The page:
OSFI intensifies monitoring of money laundering in Canadian finance

Banks and regulators alike need to keep up with criminals' evolving strategies, says Peter Routledge

OSFI intensifies monitoring of money laundering in Canadian finance

The Office of the Superintendent of Financial Institutions (OSFI) will be stepping up its analysis and monitoring of money laundering in the Canadian financial sector amid intensifying risks, according to the agency’s head Peter Routledge.

OSFI stressed the need for banks and regulators alike to keep pace with the evolving strategies employed by criminals to facilitate illicit fund transfers.

The agency’s strengthened focus came about as a response to parliamentary amendments to OSFI’s mandate last summer, Routledge said at the recent TD Securities Financial Services Conference in Toronto.

In particular, the revisions explicitly tasked OSFI with monitoring the effectiveness of financial institutions’ data integrity and security.

“The sophistication of money laundering techniques in a world of artificial intelligence and deep fakes and all that, has run out ahead a little bit of, certainly regulators, and financial institutions,” Routledge said.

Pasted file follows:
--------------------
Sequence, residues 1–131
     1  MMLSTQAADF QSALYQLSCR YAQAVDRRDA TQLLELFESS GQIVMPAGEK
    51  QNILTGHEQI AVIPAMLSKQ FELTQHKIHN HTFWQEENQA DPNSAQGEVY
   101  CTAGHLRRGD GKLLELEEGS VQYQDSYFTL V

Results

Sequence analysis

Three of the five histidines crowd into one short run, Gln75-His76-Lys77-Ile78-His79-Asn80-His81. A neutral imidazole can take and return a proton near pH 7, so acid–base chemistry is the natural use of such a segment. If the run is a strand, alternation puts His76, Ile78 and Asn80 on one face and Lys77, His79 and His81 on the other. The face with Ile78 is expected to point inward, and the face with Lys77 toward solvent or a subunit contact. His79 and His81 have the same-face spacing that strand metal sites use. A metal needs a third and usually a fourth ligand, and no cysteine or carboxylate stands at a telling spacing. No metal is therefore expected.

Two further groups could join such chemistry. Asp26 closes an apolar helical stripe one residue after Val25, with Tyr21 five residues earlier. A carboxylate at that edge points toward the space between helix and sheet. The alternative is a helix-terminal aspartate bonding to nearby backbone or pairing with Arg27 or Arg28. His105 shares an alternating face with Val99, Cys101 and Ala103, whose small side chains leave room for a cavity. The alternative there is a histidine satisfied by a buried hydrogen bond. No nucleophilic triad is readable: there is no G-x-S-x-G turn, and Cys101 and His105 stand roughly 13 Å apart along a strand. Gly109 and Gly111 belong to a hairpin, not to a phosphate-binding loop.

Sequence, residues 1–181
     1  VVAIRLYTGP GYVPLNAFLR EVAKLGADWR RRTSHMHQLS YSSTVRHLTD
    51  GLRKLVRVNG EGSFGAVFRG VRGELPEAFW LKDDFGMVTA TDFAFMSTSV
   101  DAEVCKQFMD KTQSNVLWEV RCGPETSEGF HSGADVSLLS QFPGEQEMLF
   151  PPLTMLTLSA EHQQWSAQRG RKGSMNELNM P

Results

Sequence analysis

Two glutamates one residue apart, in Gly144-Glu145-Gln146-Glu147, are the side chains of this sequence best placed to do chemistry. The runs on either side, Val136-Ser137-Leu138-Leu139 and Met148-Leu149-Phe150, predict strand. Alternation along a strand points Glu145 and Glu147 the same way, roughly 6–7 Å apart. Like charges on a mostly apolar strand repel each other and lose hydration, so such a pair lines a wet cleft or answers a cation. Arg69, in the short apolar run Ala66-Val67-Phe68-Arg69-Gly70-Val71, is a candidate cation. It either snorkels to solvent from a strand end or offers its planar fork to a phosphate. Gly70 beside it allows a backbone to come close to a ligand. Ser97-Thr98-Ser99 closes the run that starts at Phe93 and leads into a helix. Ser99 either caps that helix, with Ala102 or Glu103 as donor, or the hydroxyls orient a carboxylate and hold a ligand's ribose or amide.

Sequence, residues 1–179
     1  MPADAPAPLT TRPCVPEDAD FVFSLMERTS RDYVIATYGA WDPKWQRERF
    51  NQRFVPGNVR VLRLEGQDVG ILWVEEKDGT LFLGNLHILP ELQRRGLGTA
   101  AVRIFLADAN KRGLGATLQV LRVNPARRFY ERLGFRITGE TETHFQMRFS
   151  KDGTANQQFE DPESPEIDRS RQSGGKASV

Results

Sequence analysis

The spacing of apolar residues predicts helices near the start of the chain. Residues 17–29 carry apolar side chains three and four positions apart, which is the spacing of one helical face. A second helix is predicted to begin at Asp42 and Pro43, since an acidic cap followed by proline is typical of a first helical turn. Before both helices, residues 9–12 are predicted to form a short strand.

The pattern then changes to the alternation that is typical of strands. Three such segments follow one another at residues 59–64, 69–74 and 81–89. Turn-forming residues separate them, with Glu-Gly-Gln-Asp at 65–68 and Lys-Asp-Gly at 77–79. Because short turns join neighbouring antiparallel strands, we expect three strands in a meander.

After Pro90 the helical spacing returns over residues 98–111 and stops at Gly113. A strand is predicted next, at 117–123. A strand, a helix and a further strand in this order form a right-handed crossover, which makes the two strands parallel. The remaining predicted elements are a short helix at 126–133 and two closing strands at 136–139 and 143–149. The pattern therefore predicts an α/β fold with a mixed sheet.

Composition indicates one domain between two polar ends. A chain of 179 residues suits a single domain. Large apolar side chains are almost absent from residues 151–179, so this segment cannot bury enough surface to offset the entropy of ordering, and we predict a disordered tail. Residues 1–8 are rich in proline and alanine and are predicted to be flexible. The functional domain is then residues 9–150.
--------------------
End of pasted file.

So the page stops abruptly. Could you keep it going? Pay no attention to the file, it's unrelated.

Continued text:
“Not so far that we can’t make adjustments in the next year or two to tighten things up, but enough that we need to move, and we are moving.”

Routledge added that OSFI will be collaborating more closely with Fintrac, Canada’s financial intelligence agency, as increased digitization and a more integrated global economy are amplifying money laundering risks.

Fintrac’s recent steps point to a strengthened commitment to addressing these issues. In December, the agency imposed a $7.4-million penalty on RBC and a $1.3-million penalty on CIBC for non-compliance with anti-money laundering and terrorist financing measures – far outstripping its $1.1 million in total issued fines during the 2022-23 financial year.

A 2020 report by Criminal Intelligence Service Canada estimated that the volume of laundered funds in Canada could range anywhere between $45 billion and $113 billion.